United States District Court, E.D. Missouri
OPINION, MEMORANDUM AND ORDER
EDWARD AUTREY, UNITED STATES DISTRICT JUDGE
matter is before the Court on the Petitions for
Attorney's Fees and Costs [Doc. Nos. 267 and 628] filed
by the Plaintiff. Defendants Garrett and Sharp oppose the
December 17, 2012,, Plaintiff sued the Board of Police
Commissioners of the St. Louis Metropolitan Police Department
and Defendants Garrett and Sharp pursuant to 42 U.S.C. §
1983, claiming violation of his Fourth, Fifth and Fourteenth
Amendment rights for wrongful deprivation of his freedom. The
individual members of the Board of Police Commissioners were
granted summary judgment on March 26, 2015. Following a
trial, the jury found in favor of Plaintiff and against
Defendants Garrett and Sharp. The jury awarded damages
counsel now seeks an award of attorney fees and expenses
pursuant to 42 U.S.C. § 1988(b). Defendants concede that
Plaintiff was the prevailing party in his claims against
Garrett and Sharp, and is entitled to recover reasonable
attorney fees. Defendants argue, however, that the fees and
expenses claimed by Plaintiff ($416,660.0-fees,
18,508.00-expenses) for over 1300 hours are excessive.
has discretion to award reasonable attorneys' fees to a
party who prevails in a claim filed under 42 U.S. C. §
1983. 42 U.S.C. § 1988(b). Importantly, a trial
court's “discretion to deny attorneys' fees to
a prevailing plaintiff is narrow.” Jenkins v.
Missouri, 127 F.3d 709, 716 (8th Cir.1997).
The Eighth Circuit reviews legal issues relating to fee
awards de novo and factual determinations for abuse
of discretion. See Cody v. Hillard, 304 F.3d 767,
772 (8thCir. 2002). The party seeking the award
must submit evidence supporting the requested hours and
rates, making “a good faith effort” to exclude
hours that are “excessive, redundant, or otherwise
unnecessary.” Hensley, 461 U.S. at 433-34. The
fee applicant must also use “billing judgment” to
exclude hours that would not properly be billed to a client,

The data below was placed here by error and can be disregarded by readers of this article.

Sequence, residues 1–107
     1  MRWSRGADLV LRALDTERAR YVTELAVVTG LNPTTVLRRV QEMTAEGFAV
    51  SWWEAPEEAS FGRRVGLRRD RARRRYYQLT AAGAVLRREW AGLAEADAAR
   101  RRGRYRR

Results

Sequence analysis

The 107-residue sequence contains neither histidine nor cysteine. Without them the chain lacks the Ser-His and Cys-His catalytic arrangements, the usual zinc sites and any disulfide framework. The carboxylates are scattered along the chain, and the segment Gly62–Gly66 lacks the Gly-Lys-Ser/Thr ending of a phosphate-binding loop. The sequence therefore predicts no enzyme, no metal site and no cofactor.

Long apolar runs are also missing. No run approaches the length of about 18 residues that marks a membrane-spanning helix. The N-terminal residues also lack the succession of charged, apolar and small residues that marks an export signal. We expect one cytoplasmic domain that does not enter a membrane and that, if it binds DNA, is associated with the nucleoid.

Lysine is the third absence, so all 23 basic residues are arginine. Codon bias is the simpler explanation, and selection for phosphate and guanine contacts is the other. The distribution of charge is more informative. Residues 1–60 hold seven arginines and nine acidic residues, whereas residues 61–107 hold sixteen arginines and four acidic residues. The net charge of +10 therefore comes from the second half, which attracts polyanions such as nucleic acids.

because time not properly billed to a client should not be
paid by an adversary pursuant to statutory authority.
Id. at 434.
determine reasonable attorneys' fees under Section 1988,
“the most useful starting point is ... the number of
hours reasonably expended on the litigation multiplied by a
reasonable hourly rate.” Id. at 433. This
calculation is referred to as the “lodestar
approach.” See, e.g., Perdue v. Kenny A. ex rel.
Winn, 559 U.S. 542, 552 (2010). There is a strong
presumption that the lodestar calculation represents a
reasonable fee award. City of Burlington v. Dague,
505 U.S. 557, 562 (1992).
plaintiff has only limited success, the extent of that
success “is a crucial factor in determining the proper
amount of an award of attorneys' fees under 42 U.S.C.
§ 1988.” Hensley, 461 U.S. at 440. The
court must consider whether a plaintiffs unsuccessful claims
“were unrelated to the claims on which [the plaintiff]
succeeded” and whether “the level of
success” achieved by the plaintiff “makes the
hours reasonably expended a satisfactory basis for making a
fee award.” Id. at 434. When a plaintiffs
claims “involve a common core of facts or [are] based
on related legal theories [, m]uch of counsel's time will
be devoted generally to the litigation as a whole.”
Id. at 435. In that situation, “the district
court should focus on the significance of the overall relief
obtained by the plaintiff in relation to the hours reasonably
expended on the litigation.” Id.
a plaintiff has obtained excellent results, [the plaintiffs]
attorney should recover a fully compensatory fee, [which will
n]ormally ... encompass all hours reasonably expended on the
litigation.” Id. Significantly, the Eighth
Circuit has explained this as meaning that a “plaintiff
who has won excellent results... is entitled to a fully
compensatory fee award, which will normally include time
spent on related matters on which [the plaintiff] did not
win.” Jenkins, 127 F.3d at 716.